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Shawn Vestal: The ranking of elementary schools takes a bad idea and makes it worse
Nov. 17, 2021 Updated Wed., Nov. 17, 2021 at 12:17 p.m.
The annual rankings of colleges and universities by U.S. News & World Report has been a longstanding part of higher education in America – like a chronic illness.
Every year, the rankings come out. Prospective students and families devour them. Schools that do well issue news releases. Those that don’t complain about the validity of the rankings, question how accurate or useful they are, criticize the methods applied, and insist that the rankings do not tell us what they claim to tell us.
And these critics – sour grapes or not – are absolutely correct. As a measure of a “good” educational institution, the rankings are a travesty in the true sense: “a false, absurd or distorted representation.”
They are subjective in the extreme, giving great weight to peer rankings of reputations and to the size of a school’s endowment. They produce bizarre consequences – such as the efforts of colleges to attract lots of applications only to reject most of them, in order to appear more selective.
They confuse two very different elements of education: attracting the best students versus educating the students you attract. And they reinforce hierarchies of money, privilege and status in ways that punish schools serving low-income populations and students of color.
The last thing the world needs is a replication of that travesty in the K-12 education.
But here we are. The latest U.S. News rankings have added elementary and middle schools, and from them we learn – or “learn” – that a large number of Spokane schools are not “high-achieving,” compared to other schools statewide.
The new rankings tell us that Wilson Elementary is the 14th-best elementary school in Washington and the best one on the East Side. They tell us that Hutton Elementary is the 22nd best, and that Moran Prairie is 91st, and that Jefferson is 169th.
They tell us that only elementary schools on Spokane’s south side are high-achieving, and that of the district’s 34 elementary schools, 22 rank in the bottom half of all state elementary schools.
They tell us all that.
What they really tell us, though, is nothing.
They reinforce a socioeconomic mirage, in which the wealthiest, best-supported students perform well in the classroom – and we act as if the school did that. They add fuel to a status system in which the richest schools are seen as the best schools, which fuels a feedback loop of rising home prices around the “good” schools that deepens racial and socioeconomic inequalities.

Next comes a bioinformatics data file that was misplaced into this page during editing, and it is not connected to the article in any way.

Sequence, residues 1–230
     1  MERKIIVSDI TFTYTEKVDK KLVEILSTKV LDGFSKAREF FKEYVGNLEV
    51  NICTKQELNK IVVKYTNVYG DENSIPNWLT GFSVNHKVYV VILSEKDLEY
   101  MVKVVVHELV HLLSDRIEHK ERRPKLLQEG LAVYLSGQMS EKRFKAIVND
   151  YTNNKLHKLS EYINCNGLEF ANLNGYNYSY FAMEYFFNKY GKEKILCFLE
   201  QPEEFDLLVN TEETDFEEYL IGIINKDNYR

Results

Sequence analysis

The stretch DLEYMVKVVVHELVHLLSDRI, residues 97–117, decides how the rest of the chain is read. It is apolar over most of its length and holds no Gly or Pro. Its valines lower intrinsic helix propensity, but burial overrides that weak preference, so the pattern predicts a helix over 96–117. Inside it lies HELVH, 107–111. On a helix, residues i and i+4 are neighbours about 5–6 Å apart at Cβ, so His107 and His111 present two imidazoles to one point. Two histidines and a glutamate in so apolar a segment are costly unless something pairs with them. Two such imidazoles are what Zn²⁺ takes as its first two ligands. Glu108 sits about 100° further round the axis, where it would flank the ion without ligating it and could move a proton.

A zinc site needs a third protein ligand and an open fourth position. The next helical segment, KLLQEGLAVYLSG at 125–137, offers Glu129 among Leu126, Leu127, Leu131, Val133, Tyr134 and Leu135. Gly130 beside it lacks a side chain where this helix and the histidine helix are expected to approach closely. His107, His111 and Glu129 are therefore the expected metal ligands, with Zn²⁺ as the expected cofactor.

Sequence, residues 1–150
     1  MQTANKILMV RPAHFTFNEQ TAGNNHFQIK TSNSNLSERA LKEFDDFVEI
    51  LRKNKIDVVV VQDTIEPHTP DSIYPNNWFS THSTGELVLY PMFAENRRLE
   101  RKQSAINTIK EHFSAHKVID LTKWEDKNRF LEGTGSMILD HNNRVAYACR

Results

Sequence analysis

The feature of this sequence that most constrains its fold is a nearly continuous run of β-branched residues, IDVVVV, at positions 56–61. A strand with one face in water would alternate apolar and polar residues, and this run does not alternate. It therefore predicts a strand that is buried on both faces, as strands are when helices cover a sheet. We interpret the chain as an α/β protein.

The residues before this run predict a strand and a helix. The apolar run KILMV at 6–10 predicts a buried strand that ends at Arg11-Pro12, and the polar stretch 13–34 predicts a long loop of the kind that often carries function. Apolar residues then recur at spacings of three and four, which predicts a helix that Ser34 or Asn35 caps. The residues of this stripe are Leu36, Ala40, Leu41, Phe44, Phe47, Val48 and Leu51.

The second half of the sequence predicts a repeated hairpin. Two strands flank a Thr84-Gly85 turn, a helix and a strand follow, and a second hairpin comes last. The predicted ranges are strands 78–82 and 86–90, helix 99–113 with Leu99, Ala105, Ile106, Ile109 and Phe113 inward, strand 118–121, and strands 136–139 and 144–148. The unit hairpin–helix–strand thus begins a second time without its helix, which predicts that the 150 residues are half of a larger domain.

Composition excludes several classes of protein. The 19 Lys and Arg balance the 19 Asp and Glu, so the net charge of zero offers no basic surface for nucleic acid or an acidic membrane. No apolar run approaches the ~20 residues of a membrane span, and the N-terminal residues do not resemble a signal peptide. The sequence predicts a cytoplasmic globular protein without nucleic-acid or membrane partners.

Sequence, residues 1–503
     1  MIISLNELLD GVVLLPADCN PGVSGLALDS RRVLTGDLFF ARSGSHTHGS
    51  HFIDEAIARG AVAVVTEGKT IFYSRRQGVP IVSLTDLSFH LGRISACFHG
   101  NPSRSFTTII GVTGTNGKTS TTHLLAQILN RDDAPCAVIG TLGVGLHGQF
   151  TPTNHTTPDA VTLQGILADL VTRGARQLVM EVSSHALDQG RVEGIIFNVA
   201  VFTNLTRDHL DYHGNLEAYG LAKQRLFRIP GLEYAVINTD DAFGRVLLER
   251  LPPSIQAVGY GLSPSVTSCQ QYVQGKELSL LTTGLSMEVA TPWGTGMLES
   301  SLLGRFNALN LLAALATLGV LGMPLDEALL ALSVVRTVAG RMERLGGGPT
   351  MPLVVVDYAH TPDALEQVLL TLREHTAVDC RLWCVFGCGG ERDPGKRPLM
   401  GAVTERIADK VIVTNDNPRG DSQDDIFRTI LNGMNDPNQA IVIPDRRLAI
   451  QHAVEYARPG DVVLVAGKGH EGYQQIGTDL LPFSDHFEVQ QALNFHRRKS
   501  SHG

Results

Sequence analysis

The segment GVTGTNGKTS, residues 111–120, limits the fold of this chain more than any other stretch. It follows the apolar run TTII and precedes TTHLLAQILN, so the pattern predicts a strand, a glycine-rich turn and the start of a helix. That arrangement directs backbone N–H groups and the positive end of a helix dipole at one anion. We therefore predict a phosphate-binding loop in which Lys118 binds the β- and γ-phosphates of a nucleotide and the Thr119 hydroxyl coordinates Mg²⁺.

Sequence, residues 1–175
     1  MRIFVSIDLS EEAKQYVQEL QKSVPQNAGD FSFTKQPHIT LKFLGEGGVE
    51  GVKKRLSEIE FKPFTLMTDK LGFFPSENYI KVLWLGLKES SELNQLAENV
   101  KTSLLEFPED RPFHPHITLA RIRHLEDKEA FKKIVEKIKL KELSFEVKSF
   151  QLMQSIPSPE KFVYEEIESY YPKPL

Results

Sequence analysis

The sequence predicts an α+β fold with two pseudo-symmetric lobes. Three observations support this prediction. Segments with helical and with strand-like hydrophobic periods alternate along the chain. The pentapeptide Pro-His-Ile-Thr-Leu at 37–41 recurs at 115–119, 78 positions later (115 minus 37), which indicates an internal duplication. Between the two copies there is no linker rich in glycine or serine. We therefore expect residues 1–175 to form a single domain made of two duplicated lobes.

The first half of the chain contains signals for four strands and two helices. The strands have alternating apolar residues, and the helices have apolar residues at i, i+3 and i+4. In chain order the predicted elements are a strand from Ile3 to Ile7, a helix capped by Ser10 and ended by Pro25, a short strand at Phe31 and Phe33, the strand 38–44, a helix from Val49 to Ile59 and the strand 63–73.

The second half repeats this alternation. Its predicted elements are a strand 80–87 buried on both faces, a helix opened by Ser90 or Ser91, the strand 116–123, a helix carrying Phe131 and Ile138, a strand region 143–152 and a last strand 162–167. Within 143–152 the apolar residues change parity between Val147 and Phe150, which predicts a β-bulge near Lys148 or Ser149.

They rely on a method of evaluating education that ignores almost all of the underlying factors that would differentiate a top-scoring elementary school and a bottom-scoring one, and then label that difference, simply, “quality.”
These rankings, and others like them, simply do not tell you what they claim to tell you. They tell you which schools’ students scored well on the battery of standardized tests we march them through – and this correlates directly, time and time and time again, with the wealth of the families around it.
In fact, the elementary and middle-school rankings are even more limited than those for higher ed. U.S. News says it does some statistical work to control for demographic factors, but the rankings correlate all but exactly with raw test scores – a static metric that tells you more about where a student started than how much they learned.
“There is no way that that is a good indication of whether that school is instructionally effective or not,” Tomás Monarrez, a researcher at the Urban Institute who studies school segregation, told Chalkbeat, a nonprofit journalism website covering education. “It’s more noise in an already noisy environment.”
Aaron Pallas, a Columbia University sociologist, examined the middle-school rankings in New York City, and found they correlated strongly with family wealth and with a students’ “incoming proficiency.”
“What the USN&WR rankings do, essentially, is identify schools that have been successful in enrolling higher-achieving, more affluent students,” he wrote in the Hechinger Report, another nonprofit organization covering education and equality. “The focus is rather problematically on inputs rather than outputs. Shouldn’t we be far more interested in outputs, such as how schools contribute (or not) to student learning and development?”
What Pallas found in New York City is apparent in Spokane, as well. The schools that ranked highly on the list are exactly the ones you would guess, by their neighborhood, would rank highly. Those that ranked low – well, you can guess those, too.
With respect to Wilson and Hutton, we can’t remotely conclude from these rankings that they are the best elementary schools in town. With respect to the fine elementary schools of Spokane’s South Hill, we can’t remotely conclude that they and only they are educating students at a high level.
In fact, chances are good that if there is such a thing as one “best” elementary school in the city, it’s one of those that ranks poorly – one doing a good job in the hardest circumstances, with students who started well behind their peers across town.
On this, the rankings are silent.
And in the areas where they aren’t silent, they’re useless.